Some Bel Air firefighters recently got in trouble for posting comments on Facebook that expressed disappointment that a local fast food restaurant had failed to extend them a discount routinely offered police and military personnel. The comments included a snide suggestion that the owner might feel differently if he found his dumpster set on fire or if the volunteers declined to respond to a fire on the premises.
Eddie Hopkins, chief of the Bel Air Volunteer Fire Company, took swift and appropriate action, giving reprimands to the nine firefighters involved, suspending several members and demoting an officer. In a statement posted on the company web site, Chief Hopkins said he was "extremely disappointed and ashamed that any of our members would make these statements."
That would seem a sufficient response except for one thing. While the chief announced that his members should "not expect something for the job they do nor should they ask for it," and even announced that his personnel would be trained on how to use social media in the future, he did not choose to ban discounts or gifts entirely. Indeed, the told The Sun's Colin Campbell that it was a "tough call" to decline freebies and the "line is so gray, I don't know where to draw it."
On this, we would beg to differ. Police and firefighters can avoid such embarrassments and potential conflicts of interest by simply never accepting a gratuity at any time or anywhere. This is really not so difficult as Mr. Hopkins and others might presume. Just say no, and it's an easy call.
If the owner of the local convenience store insists you accept a cup of coffee, simply say this: "That's very generous of you, but my department's regulations forbid my accepting gifts. I'm sure you understand and wouldn't want to get me in trouble. Again, thanks for the offer and have a nice day."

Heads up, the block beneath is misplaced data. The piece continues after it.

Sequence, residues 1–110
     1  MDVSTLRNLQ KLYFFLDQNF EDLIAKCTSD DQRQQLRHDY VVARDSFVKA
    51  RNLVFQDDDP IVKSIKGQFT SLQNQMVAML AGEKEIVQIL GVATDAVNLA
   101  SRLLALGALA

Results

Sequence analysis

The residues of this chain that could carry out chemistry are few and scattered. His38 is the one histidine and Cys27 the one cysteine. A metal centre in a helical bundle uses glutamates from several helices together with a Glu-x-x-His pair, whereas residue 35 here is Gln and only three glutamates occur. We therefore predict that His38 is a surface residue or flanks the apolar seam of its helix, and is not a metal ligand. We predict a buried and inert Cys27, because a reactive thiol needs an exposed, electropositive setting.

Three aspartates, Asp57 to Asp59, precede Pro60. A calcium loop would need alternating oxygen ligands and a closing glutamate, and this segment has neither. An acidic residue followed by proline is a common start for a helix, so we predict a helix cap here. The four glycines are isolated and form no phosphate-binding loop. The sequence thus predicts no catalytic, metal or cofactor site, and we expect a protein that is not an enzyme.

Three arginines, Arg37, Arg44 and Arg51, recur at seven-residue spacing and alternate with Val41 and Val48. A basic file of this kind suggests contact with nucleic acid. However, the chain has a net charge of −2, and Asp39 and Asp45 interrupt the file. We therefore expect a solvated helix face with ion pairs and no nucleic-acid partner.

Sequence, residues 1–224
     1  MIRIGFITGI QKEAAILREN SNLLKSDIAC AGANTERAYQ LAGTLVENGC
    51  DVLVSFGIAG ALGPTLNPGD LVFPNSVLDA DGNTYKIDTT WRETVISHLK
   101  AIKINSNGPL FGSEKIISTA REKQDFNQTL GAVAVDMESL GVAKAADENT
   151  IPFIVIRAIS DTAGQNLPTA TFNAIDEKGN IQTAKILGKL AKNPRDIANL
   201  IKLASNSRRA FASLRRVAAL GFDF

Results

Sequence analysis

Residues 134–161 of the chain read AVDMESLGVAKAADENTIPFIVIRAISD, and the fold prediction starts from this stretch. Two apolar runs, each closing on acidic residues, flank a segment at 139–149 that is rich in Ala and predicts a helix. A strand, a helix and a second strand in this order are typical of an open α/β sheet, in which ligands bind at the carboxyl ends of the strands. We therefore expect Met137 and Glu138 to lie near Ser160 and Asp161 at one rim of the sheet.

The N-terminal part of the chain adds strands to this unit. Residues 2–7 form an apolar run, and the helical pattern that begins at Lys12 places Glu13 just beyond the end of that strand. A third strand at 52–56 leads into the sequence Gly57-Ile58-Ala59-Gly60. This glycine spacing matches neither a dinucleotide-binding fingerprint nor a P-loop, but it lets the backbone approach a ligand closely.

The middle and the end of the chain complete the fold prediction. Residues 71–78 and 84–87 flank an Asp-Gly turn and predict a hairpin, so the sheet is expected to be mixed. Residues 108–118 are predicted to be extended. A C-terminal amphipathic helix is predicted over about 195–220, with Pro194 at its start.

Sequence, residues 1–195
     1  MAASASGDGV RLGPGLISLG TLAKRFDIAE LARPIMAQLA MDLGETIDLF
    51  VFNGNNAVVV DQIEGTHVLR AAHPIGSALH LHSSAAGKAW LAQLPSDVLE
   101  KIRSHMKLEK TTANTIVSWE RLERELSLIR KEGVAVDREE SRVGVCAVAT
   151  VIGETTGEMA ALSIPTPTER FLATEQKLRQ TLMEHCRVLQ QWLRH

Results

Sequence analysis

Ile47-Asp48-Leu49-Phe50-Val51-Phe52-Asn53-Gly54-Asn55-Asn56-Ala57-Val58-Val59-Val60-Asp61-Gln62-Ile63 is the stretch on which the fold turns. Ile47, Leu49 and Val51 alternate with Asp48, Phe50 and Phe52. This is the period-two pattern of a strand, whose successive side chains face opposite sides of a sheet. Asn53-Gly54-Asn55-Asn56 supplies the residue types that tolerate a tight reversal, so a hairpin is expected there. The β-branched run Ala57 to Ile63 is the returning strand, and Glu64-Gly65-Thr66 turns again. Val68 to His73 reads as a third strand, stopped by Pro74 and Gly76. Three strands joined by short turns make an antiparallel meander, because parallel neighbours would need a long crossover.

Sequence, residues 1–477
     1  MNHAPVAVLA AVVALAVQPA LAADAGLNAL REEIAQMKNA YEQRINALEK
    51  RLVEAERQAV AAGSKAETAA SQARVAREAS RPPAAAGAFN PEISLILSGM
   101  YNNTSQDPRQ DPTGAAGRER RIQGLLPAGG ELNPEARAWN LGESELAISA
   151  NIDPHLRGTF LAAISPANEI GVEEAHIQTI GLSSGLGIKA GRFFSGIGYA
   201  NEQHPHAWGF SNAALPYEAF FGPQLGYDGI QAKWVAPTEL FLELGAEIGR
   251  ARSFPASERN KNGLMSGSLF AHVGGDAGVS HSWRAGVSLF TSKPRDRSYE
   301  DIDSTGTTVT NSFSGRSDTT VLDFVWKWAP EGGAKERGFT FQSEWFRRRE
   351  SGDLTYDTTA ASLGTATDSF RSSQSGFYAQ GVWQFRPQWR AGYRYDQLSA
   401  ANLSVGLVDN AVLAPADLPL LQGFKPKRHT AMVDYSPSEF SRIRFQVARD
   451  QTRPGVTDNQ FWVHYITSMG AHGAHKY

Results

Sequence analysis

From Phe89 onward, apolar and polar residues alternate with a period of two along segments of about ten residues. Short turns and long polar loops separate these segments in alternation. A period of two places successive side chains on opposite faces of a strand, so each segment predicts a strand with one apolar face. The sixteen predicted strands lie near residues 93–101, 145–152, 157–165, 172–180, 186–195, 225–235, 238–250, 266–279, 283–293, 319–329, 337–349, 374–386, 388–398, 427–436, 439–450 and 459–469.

See? No fuss, no muss, and, frankly, a lot of store owners will likely be relieved that they will no longer feel pressured to extend such discounts.
This is not to suggest firefighters and police don't deserve a free cup of coffee or doughnut or a discount on their meals. They do and much more. But in accepting a gratuity, no matter how innocently intended, the public servant is headed toward a slippery slope of ethical entanglements.
One day it's coffee and the next it might be a "tip" for steering business toward a particular towing or private ambulance service. Meanwhile, the public is left to wonder if public servants will respond with the same enthusiasm to their emergencies as those involving the businesses that give them discounts, free food and other perks.
As for the military, that's another story. A soldier really can't show favoritism toward a local business — or even risk the appearance of favoritism. There doesn't appear to be such an obvious ethical conflict aside, perhaps, from those rare occasions when the National Guard is called out for domestic duties and takes on the role of cop or firefighter.
The most shocking revelation of the Bel Air Facebook flap was that so many volunteer firefighters could nurture such a strong sense of entitlement. But that's what happens when freebies from so many sources are constantly left at their doorstep; the recipients come to expect them like a spoiled child tearing through gifts on Christmas morning.
That they won't post unsettling thoughts on public forums like Facebook anymore won't end that sense of entitlement but will just keep it out of public view. The only real solution is to end the practice of freebies entirely. Volunteers may not like it, but we don't believe any of them got into firefighting to get a burger and fries 20 percent cheaper than the general public.